TITLE: Art and Science meet in Minimalism
NAME: Mike Ferris
COUNTRY: Canada
EMAIL: mikey_eff@yahoo.ca
TOPIC: Minimalism
COPYRIGHT: I SUBMIT TO THE STANDARD RAYTRACING COMPETITION COPYRIGHT.
RENDERER USED: POV-Ray 3.5
TOOLS USED: Photoshop to add name and to convert to JPEG
RENDER TIME: 3h 32m 37s
HARDWARE USED: 1.5 GHz Celeron Laptop
IMAGE DESCRIPTION:
BACKGROUND
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Minimalism in art is a term used to describe paintings and sculpture that thrive on simplicity in both content and form, and seek to remove any sign of personal expressivity. The aim of minimalism is to allow the viewer to experience the work more intensely without the distractions of composition, theme and so on.
Minimalism is also an aim of science. Scientists search for theories that are simple in both concept and mathematical form. The goal is to describe observations in the simplest way possible. In fact, if there should be two theories accurately describing a single observed phenomenon, the simpler of the two is considered to be the correct theory.
An example of scientific minimalism is Einstein's famous equation: E = mc^2. This simple equation, comprised of only two variables (E for energy and m for mass) along with one constant (c for the speed of light) tells us that matter and energy are the same thing. It describes the process operating within the sun that causes it to shine and provide the Earth with energy.
This equation falls into the realm of science known as cosmology. Long before Einstein, scientists struggled with theories describing the observed cosmos.
Early cosmologists described the relationships between the Earth, the Planets, the Sun, and the Stars. The Aristotlian view, from the fourth centuery B.C., described an immobile Earth surrounded by transparent celestial spheres upon which the Sun, Planets, and Stars lay. The rotation of these spheres caused the observed motion of the Sun, Planets, and Stars about the Earth. Because the
celestial objects lay on spheres, they would trace out perfect circles as the orbitted the stationary Earth.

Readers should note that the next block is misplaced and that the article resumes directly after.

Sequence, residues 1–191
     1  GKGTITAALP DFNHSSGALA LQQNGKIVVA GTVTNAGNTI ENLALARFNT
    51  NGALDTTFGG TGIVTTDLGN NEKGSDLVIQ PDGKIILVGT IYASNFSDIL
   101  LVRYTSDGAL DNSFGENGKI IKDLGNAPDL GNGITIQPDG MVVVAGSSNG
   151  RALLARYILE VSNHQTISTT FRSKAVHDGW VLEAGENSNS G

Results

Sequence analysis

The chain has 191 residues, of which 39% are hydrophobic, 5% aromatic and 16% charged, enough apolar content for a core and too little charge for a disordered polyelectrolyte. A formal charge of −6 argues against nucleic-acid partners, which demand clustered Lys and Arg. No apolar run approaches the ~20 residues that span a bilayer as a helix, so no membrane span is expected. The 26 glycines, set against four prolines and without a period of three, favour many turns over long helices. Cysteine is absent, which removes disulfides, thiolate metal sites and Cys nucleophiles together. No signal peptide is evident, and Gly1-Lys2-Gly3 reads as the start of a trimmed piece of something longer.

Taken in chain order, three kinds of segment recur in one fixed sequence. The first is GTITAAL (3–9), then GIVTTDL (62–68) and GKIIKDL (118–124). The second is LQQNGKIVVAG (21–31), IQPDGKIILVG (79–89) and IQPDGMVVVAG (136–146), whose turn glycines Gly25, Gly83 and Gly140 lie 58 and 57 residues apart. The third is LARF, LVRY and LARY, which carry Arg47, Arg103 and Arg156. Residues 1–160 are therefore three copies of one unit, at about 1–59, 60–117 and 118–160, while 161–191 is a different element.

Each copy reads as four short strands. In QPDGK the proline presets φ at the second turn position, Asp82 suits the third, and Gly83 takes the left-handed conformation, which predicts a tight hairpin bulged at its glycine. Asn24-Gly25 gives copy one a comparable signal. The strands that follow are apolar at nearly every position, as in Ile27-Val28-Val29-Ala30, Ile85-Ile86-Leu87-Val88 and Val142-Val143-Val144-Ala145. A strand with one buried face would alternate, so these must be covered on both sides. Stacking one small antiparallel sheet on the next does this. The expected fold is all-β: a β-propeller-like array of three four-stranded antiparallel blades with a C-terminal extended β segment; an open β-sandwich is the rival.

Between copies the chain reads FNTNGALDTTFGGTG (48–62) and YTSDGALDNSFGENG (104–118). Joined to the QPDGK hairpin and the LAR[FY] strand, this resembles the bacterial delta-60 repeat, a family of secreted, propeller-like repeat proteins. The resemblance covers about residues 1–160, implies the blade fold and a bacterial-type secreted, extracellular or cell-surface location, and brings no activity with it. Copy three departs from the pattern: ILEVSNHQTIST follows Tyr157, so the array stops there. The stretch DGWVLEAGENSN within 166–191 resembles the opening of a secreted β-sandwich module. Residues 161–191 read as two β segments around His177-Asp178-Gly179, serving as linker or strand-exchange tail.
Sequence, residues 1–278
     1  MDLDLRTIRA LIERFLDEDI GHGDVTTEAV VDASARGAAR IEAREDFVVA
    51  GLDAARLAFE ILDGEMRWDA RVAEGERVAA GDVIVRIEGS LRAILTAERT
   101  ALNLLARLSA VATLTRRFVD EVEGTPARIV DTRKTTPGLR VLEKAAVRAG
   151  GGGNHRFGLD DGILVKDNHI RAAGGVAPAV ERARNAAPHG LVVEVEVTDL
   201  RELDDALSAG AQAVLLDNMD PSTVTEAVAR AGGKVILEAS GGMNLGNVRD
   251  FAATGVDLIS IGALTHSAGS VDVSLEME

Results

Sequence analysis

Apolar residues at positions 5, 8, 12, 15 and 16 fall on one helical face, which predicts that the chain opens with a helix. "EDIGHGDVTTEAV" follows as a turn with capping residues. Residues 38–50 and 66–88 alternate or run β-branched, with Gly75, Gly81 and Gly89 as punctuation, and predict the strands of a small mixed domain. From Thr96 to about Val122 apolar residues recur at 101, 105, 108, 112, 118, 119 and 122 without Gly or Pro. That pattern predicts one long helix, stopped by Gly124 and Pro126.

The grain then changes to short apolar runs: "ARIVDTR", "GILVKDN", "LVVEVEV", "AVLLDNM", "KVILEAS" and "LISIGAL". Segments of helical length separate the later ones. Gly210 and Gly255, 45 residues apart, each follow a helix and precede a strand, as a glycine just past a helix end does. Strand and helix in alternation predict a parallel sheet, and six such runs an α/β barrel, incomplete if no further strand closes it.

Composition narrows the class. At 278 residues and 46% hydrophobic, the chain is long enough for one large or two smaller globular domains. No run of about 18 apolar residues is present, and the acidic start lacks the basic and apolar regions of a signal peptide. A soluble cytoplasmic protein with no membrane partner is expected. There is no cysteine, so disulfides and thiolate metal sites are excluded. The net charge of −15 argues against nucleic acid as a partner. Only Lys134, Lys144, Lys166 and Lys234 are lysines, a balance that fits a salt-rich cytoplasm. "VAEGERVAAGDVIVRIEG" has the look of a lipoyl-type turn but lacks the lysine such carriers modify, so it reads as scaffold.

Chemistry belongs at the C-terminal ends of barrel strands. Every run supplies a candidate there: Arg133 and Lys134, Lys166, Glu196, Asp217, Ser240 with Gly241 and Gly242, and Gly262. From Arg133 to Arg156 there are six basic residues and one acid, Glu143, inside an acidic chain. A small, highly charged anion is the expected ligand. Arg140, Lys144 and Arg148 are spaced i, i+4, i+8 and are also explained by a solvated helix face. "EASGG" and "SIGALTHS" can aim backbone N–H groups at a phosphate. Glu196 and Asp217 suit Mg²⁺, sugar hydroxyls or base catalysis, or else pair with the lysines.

The sphere was chosen because it is the perfect geometrical object. It has the highest ratio of volume to surface area of any three-dimensional object.
In the 16th centuery A.D., Copernicus changed our view of the cosmos by placing the Sun at the center. Still using the concept of the sphere, however, Copernicus also envisioned orbits as circles.
Less than 100 years later, Kepler strove to mathematically describe the observed motions of the planets. In doing so, he looked for a relationship between planetary motion and the five perfect solids: tetrahedron, cube, octahedron, dodecahedron, and icosahedron. These five solids are considered perfect since they are the only solids whose sides are made of regular polygons: the tetrahedron, octahedron, and icosahedron have sides that are equilateral triangles; the cube has sides that are square; and the dodecahedron has sides that are regular pentagons.
It is the work of Kepler that finally described planetary orbits in correct mathematical precision. The geometry of the five perfect solids failed. Kepler could find no relation between the solids and the planetary orbits. However, the attempt led Kepler to accurately describe planetary orbits using elipses.
It would take Einstein, three centuries later, to improve upon Kepler's discovery.
THE SCENE
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This scene, using artistic minimilism as the form, pays tribute to the scientific minimilism that led to a deeper understanding of the cosmos: the five perfect solids and the ultimate geometric perfection of the sphere, all made of crystal.
Sources
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http://www.artmovements.co.uk/minimalism.htm
Dan Falk, "Universe on a T-Shirt", Viking Canada, 2002
DESCRIPTION OF HOW THIS IMAGE WAS CREATED:
Simple shapes using "shapes2.inc". Everything is CSG.
Because there is a very small number of objects in the scene, I decided to experiment with area lights, photon mapping, dispersion, and radiosity.
The long render time is due to the photons, the area lights, and the dispersion. Without these, the same scene renders in 16 seconds.